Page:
Ion Wakes: Modeling Dust Plasma Interactions>
Lorin Swint Matthews, Ph.D.
Professor, Department of Physics, Baylor University
The interaction of an object within a streaming fluid is a phenomenon widely encountered in physics, spanning a range of
length scales, from the familiar meter- to cm-sized wakes observed behind rocks in flowing streams (Fig. 1a), the kilometerslong
wakes observed in cloud patterns as air flows past ocean islands (Fig. 1b), to the wakes produced in the bow shock of
a speeding neutron star covering distances on the order of a parsecs (Fig. 1c). Plasma, a gas consisting of electrons, ions,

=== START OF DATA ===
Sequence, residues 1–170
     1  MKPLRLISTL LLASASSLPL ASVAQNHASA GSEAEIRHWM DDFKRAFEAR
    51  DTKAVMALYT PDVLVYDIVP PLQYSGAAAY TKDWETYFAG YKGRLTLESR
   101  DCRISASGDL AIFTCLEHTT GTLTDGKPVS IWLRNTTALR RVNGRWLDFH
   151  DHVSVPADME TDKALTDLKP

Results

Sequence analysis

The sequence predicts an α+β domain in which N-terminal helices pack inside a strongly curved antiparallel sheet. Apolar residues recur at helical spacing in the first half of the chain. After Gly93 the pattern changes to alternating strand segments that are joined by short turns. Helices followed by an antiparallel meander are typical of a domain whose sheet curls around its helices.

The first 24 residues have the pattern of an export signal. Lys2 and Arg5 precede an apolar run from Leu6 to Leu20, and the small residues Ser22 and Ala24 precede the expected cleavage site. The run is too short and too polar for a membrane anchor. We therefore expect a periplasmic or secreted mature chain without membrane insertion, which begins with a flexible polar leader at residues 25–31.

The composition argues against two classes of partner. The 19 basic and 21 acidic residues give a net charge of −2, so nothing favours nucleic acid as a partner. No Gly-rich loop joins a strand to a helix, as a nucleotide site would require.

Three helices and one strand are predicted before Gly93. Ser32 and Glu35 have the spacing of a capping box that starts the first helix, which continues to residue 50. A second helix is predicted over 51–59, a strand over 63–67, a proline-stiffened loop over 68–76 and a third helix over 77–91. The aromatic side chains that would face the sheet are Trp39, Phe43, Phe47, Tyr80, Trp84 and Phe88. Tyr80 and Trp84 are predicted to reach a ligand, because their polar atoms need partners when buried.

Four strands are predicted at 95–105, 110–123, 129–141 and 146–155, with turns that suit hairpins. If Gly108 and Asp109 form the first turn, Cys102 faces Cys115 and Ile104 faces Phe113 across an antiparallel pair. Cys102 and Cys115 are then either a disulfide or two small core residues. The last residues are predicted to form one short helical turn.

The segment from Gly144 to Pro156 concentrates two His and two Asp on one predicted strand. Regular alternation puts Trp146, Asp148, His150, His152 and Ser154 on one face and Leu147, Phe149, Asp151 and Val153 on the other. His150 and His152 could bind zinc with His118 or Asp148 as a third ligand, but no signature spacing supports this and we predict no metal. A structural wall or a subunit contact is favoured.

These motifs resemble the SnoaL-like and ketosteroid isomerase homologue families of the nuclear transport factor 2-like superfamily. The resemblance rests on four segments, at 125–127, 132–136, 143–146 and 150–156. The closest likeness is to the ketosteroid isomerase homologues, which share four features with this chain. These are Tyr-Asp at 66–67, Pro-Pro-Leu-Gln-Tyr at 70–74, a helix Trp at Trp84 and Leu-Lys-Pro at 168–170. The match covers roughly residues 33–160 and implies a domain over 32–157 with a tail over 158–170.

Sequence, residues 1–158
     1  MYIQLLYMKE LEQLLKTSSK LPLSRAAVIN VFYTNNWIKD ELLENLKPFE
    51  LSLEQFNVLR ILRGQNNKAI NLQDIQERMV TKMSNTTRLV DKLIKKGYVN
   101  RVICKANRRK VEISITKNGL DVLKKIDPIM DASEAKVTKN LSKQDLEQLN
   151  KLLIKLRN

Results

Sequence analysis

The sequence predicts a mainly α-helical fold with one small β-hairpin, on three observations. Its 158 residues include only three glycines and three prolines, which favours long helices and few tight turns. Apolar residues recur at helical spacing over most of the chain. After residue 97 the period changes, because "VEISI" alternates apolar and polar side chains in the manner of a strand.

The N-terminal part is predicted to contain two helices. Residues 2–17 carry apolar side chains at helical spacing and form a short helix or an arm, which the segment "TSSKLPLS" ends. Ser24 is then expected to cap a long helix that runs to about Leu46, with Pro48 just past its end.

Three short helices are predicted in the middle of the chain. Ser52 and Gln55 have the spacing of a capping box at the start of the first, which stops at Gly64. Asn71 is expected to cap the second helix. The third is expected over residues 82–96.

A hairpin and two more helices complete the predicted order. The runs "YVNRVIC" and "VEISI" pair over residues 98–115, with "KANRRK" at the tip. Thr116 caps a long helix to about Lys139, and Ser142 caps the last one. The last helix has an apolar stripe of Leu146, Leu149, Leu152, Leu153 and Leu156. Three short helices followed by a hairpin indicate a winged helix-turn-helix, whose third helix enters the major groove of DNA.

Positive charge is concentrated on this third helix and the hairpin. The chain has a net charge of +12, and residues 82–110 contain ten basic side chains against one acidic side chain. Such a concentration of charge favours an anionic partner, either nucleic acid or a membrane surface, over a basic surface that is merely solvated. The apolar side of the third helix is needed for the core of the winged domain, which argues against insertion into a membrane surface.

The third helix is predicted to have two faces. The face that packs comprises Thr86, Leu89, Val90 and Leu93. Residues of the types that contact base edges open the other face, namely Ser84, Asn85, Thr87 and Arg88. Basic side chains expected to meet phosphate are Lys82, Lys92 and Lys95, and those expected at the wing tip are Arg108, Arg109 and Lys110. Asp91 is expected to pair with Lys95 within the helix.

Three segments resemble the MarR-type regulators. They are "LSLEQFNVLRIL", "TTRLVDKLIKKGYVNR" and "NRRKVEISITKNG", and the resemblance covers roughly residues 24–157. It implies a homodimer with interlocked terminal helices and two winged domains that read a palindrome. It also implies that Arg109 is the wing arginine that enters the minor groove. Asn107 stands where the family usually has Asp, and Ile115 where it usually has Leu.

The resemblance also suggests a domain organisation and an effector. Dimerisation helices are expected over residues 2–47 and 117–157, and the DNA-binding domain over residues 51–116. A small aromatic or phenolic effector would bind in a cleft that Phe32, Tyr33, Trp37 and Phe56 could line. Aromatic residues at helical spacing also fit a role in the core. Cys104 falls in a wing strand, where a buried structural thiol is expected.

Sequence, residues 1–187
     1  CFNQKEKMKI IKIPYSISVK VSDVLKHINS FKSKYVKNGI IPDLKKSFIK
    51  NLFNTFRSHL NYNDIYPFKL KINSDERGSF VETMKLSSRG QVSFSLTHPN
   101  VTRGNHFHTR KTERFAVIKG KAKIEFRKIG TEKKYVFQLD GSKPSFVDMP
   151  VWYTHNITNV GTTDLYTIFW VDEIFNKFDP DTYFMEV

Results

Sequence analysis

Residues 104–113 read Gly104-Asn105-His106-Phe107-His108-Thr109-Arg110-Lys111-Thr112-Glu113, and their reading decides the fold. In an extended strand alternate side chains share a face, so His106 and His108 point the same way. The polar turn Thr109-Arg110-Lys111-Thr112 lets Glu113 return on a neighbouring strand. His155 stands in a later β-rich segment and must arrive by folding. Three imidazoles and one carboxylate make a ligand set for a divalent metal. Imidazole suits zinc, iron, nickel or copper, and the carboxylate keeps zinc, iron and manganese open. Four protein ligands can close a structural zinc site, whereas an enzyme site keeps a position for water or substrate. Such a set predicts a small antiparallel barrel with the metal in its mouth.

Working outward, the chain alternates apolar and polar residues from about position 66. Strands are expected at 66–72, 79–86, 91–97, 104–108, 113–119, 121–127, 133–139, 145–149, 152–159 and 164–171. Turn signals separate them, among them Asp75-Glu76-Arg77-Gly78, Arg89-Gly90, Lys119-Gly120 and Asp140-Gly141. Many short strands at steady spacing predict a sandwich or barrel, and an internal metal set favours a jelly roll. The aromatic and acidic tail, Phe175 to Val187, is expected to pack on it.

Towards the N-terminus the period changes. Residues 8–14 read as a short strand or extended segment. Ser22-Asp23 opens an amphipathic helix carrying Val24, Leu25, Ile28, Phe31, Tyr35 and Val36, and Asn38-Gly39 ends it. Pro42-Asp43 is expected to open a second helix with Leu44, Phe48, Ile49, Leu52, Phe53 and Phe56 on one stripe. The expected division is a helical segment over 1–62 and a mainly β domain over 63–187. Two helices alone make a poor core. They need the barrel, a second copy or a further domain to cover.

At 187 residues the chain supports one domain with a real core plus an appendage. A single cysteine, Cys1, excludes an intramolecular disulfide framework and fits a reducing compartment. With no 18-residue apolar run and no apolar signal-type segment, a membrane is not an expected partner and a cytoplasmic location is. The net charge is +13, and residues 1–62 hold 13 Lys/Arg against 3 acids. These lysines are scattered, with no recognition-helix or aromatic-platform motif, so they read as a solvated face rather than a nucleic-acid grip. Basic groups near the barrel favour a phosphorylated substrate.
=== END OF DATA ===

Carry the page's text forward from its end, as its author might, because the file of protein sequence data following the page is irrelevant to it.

and neutral molecules, can also be considered as a fluid. When plasma is moving with respect to an immersed object (such
as a micron-sized dust grain), the object becomes charged and the trajectories of the ions in the plasma are altered as they
flow past the charged body. Depending on flow velocity and the magnitude of the perturbing potential, ions can be focused
into a region downstream of the object, creating an ion wakefield (Fig. 1d). Here we report results of coupled numerical
models of the plasma discharge, ion wakefield and particle interactions in ground-based lab experiments and in microgravity
experiments onboard the ISS.
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